Filters on Text and Perception

Many of us are used to having incoming email filtered, decrypted, formatted, and shown in our favorite colors and fonts. These techniques can be taken further. Customization of spelling (e.g., American to British or archaic to modern) would be a straightforward process. Relatively simple conversions could also let you see any text with your favorite date and time formats, use metric or imperial measures, implement obscenity filters, abbreviate or expand acronyms, omit or include technical formulas, personalize synonym selection and punctuation rules, and use alternative numeric systems and alphabets (including phonetic and pictographic). Text could also be digested for a given user, translated to his native language, and even read aloud with his favorite actor’s voice.

My friend Gary Bean suggested possible implementation of “cliché translators” that would explicitly convey the meaning of a sentence that is known to the translator, but not necessarily to the reader. For example, the phrase “that’s an interesting idea” might be translated as “I have serious reservations about this.” In the reverse operation, words and phrases can be replaced with politically correct euphemisms.

After the recent Communication Decency Act, Robert Carr developed a remarkable “HexOn Exon” program that allows the user to convert obscene words in the messages into the names of the senators responsible for this Act, and vice versa. Besides presenting a humorous attempt to bypass the new obscenity censorship, this program demonstrates that allocating both responsibilities and rights for the contents of a message among multiple authoring and filtering agencies may not be easy.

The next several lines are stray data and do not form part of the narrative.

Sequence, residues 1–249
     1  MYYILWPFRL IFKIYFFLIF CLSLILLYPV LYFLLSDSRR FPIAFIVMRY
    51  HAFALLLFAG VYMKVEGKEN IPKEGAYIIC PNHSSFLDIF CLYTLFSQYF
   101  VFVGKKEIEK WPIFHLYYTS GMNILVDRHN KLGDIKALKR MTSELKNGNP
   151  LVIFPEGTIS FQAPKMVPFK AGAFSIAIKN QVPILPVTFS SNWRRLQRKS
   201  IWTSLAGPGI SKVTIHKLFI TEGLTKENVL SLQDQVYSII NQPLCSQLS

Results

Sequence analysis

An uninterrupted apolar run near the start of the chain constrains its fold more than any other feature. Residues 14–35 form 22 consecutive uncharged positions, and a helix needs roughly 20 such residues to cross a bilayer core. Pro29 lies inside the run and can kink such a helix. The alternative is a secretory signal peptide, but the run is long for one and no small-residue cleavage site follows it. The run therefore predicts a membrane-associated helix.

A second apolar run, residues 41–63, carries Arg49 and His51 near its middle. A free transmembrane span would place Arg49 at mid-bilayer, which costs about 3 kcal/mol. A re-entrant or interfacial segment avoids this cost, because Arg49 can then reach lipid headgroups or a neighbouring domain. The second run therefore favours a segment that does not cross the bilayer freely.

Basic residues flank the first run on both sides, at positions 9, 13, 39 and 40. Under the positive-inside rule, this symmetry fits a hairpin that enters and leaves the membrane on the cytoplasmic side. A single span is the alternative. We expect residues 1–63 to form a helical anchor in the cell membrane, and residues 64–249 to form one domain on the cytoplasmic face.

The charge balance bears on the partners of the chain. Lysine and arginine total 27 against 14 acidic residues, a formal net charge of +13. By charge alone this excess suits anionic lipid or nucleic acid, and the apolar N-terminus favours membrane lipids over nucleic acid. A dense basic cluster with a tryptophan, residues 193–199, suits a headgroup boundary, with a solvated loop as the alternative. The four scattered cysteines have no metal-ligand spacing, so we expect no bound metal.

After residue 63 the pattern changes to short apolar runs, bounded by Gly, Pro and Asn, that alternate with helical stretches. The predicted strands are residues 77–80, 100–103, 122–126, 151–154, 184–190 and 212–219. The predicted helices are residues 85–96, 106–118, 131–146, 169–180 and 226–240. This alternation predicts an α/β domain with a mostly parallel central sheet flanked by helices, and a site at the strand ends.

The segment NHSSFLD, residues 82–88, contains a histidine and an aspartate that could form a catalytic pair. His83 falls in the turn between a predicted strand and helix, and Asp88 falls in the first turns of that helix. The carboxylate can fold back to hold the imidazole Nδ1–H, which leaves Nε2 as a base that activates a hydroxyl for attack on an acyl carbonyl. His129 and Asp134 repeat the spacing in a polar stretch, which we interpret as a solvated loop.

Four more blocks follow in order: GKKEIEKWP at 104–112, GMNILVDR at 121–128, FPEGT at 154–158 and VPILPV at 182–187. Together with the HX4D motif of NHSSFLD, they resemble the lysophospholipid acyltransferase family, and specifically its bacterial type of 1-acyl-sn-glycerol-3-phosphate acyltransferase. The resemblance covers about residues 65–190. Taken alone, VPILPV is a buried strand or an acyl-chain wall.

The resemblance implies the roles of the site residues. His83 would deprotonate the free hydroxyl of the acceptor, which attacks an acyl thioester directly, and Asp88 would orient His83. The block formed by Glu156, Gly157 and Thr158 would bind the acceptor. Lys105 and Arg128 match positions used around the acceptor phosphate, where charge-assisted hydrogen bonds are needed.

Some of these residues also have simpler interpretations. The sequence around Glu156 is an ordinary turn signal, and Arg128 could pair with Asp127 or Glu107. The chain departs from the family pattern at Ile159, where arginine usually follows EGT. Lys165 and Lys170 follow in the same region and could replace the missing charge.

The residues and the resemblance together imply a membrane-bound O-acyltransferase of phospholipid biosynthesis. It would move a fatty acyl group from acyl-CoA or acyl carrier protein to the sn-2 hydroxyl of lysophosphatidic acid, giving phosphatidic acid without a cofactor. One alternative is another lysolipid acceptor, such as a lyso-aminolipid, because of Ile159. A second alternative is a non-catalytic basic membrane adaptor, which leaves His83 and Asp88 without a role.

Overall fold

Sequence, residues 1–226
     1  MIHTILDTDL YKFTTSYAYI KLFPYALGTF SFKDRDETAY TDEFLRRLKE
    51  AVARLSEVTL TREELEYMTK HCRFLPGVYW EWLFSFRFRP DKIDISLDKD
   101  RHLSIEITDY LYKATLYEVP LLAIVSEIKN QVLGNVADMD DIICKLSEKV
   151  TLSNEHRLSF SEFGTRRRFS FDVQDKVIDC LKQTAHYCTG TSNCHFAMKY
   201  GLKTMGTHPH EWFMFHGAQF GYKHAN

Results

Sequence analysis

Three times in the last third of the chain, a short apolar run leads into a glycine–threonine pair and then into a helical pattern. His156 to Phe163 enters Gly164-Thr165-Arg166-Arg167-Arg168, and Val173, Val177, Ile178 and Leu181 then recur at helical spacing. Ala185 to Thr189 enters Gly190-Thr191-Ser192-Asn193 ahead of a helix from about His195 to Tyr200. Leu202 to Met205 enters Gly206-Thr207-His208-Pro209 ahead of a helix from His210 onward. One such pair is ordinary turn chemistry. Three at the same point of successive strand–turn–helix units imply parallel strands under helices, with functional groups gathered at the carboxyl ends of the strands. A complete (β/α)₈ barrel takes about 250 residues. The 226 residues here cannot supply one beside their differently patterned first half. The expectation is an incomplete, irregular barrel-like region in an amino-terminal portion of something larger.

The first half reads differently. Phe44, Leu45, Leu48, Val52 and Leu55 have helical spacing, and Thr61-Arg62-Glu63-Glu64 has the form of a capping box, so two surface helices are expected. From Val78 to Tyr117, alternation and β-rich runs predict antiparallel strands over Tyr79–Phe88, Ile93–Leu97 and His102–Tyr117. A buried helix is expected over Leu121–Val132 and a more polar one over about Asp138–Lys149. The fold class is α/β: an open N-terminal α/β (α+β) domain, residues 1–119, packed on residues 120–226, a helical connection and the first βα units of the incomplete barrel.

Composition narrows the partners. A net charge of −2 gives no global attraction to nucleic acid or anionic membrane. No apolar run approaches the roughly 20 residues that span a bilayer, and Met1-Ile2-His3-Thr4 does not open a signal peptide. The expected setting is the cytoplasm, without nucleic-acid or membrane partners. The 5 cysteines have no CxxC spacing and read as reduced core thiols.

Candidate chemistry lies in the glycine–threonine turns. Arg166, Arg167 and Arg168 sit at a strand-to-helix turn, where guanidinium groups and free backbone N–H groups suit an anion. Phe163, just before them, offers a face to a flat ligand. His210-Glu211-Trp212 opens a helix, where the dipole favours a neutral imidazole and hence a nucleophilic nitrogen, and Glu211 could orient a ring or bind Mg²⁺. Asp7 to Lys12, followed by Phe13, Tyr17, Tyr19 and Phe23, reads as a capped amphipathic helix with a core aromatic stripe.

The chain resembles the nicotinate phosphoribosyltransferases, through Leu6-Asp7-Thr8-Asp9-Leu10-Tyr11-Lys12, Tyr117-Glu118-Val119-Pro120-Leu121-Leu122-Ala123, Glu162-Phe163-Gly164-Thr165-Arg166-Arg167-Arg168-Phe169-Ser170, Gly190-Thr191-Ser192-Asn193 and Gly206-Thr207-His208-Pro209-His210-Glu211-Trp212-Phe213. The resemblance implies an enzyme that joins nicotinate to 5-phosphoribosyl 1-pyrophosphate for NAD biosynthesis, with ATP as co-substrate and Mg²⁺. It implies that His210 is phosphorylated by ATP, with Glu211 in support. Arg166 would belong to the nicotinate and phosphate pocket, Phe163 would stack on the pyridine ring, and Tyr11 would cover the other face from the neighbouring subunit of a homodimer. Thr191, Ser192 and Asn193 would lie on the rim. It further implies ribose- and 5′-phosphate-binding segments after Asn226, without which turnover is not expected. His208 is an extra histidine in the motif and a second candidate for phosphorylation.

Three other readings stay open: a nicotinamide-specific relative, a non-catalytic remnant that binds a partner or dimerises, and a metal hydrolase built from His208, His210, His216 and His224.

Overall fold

Translation between various dialects and jargons, though difficult, should still take less effort than the translation between different natural languages, since only a part of message semantics has to be processed. Good translation filters would give “linguistic minorities” – speakers of languages ranging from Pig Latin to E-Prime and Loglan – a chance to practice their own languages while communicating with the rest of the world.

Some jargon filters have already been developed, and you can benefit from them by enjoying reading Ible-Bay, the Pig Latin version of the Bible, or using Dialectizer program to convert your English texts to Fudd or Cockney.

Such translation agents would allow rapid linguistic and cultural diversification, to the point where the language you use to communicate with the world could diverge from everybody else’s as far as the requirement of general semantic compatibility may allow. It is interesting that today’s HTML Guide already calls for the “divorce of content from representation,” suggesting that you should focus on what you want to convey rather than on how people will perceive it.

[...]

Currently, we can structure our mental images any way we want so long as we can translate them to a common language. This has led to relatively stable standardized languages and a great variability among minds. Likewise, intelligent software translators could let us make our languages as liberated as our minds and push the communication standards beyond our biological bodies. (It really means just further exosomatic expansion of the human functional body, but the liberation still goes beyond the traditional human interpretation of “skin-encapsulated” personal identity.)

So will there be more variety or more standardization? Most likely both, as flexible translation will help integrate knowledge domains currently isolated by linguistic and terminological barriers, and at the same time will protect linguistically adventurous intellectual excursions from the danger of losing contact with the semantic mainland. Intelligent translators could facilitate the development of more comprehensive semantic architectures that would make the global body of knowledge at the same time more diverse and more coherent.